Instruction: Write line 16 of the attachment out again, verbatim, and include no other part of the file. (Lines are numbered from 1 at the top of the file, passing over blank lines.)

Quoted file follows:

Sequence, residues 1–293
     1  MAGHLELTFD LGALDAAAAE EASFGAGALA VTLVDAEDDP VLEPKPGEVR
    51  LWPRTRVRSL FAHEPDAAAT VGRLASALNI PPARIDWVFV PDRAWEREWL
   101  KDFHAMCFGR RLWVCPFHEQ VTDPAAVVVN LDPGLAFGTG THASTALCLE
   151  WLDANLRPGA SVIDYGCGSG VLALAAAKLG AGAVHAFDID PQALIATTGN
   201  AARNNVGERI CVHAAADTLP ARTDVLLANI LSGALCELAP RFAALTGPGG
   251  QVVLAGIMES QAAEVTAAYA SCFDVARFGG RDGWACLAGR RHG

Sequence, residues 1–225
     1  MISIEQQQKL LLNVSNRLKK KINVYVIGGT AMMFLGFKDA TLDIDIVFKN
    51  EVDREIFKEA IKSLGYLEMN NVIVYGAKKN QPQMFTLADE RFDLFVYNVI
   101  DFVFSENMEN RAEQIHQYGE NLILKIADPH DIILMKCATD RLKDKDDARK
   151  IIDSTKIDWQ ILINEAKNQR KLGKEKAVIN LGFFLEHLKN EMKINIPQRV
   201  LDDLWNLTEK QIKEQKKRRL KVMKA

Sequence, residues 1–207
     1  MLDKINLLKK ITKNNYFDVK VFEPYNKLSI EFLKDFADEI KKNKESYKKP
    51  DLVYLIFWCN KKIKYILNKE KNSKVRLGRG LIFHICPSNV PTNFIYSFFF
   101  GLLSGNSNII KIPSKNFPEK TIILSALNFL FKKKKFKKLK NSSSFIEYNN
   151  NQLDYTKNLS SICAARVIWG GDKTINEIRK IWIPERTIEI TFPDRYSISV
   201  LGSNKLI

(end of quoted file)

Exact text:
    51  DLVYLIFWCN KKIKYILNKE KNSKVRLGRG LIFHICPSNV PTNFIYSFFF